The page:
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Sunday, 14 July 2013

Grigor Narekatsi

The latest ArtWay meditation concerns a piece by Dutch artist Hanneke de Munck, who scraped out a piece of driftwood to make a primitive field shrine to which she tied the sculpture of a young desperate girl, cut from purple wood from South America. The poem by which the work was inspired is part of the Book of Lamentations written by Grigor Narekatsi, a 10th-century Armenian monk.

Saint Gregory of Narek (Grigor Narekatsi, c. 945-1005) was son of the learned bishop Khosrov Andzevatsi and most renowned pupil of the Narek School. The first great Armenian poet, Narekatsi skilfully united the finest achievements of his country's hymnography. Adopting a liberal approach to Armenian folk and bardic styles, Narekatsi ascended to the intellectual and artistic level of the foremost Byzantine, Persian and Arab literary movements of his day and with deep emotional intensity and fiery imagination, he added new aspects to Armenian poetry. He opened up new horizons for Armenian culture through his 'Book of Lamentations'. In the 'Book of Lamentations' Narekatsi is filled with a sorrow embracing the whole universe and conducts a heavenly discussion with the supreme Self. In his poems he has his feet firmly on the ground and directs his gaze towards the world around him, radiating wonder and ecstasy at the sight of the natural beauty of his native land, as in the hymn for the Transfiguration:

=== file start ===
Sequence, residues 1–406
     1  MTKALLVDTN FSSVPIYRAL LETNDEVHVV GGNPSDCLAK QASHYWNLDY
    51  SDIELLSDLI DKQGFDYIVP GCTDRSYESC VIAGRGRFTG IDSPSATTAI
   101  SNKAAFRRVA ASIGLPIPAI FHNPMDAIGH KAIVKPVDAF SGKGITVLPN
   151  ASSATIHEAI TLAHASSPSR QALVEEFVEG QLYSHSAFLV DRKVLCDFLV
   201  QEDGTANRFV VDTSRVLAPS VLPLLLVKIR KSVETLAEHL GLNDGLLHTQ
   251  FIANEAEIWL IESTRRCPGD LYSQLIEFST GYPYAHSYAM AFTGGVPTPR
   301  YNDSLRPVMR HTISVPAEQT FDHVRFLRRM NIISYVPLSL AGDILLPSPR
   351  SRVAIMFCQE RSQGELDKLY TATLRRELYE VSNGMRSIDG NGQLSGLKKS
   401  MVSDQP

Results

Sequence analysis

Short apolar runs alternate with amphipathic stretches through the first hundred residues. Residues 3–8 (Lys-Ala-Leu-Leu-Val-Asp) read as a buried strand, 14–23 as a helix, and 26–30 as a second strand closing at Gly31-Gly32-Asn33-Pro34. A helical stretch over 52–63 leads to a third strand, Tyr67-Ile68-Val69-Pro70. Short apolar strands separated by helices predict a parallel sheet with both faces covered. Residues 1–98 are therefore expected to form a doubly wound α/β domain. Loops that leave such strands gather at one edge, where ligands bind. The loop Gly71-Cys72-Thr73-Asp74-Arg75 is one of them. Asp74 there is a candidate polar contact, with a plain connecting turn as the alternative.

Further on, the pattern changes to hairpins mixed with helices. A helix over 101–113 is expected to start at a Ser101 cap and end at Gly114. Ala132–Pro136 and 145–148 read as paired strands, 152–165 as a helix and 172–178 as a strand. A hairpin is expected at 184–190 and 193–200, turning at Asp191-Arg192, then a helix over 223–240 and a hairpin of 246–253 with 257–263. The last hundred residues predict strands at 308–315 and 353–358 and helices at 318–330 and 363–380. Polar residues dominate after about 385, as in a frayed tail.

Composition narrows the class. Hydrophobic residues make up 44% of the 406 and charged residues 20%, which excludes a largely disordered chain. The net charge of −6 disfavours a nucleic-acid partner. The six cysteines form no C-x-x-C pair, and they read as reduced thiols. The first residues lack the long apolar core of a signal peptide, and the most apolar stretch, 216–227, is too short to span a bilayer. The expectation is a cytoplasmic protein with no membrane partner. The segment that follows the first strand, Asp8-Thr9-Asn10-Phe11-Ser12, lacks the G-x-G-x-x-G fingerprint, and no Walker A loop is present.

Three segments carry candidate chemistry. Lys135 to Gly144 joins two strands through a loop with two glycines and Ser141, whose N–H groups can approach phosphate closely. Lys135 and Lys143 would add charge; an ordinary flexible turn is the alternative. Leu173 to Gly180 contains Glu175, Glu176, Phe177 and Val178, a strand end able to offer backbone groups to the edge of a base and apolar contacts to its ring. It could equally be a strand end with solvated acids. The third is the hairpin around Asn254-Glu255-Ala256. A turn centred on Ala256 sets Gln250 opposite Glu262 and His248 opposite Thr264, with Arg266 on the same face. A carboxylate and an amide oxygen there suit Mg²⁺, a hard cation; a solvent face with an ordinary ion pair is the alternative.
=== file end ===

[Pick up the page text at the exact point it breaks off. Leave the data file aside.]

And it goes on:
'The gem-rose bloomed with brilliance
From the radiance of the sun.
While high above that splendour
Floated the flower of the seas.'

As a musician Narekatsi gave a tremendous stimulus to medieval Armenian hymnography, imparting it with new life and soul. His words have since inspired at least one other musical masterpiece; Alfred Schnittke's Choir Concerto is a setting of words from 'The Book of Lamentations' written in 1984/5 and scored for very large choir. 

Here is another of Narekatsi's poems:

The Christ Child

The lips of the Christ-child are like two twin leaves;
They let roses fall when he smiles tenderly.
The tears of the Christ-child are pearls when he grieves;
The eyes of the Christ-child are deep as the sea.
Like pomegranate grains are the dimples he hath,
And clustering lilies spring up in his path.

Translated from the Armenian by Alice Stone Blackwell (1857-1950)


Alfred Schnittke - Choir Concerto.

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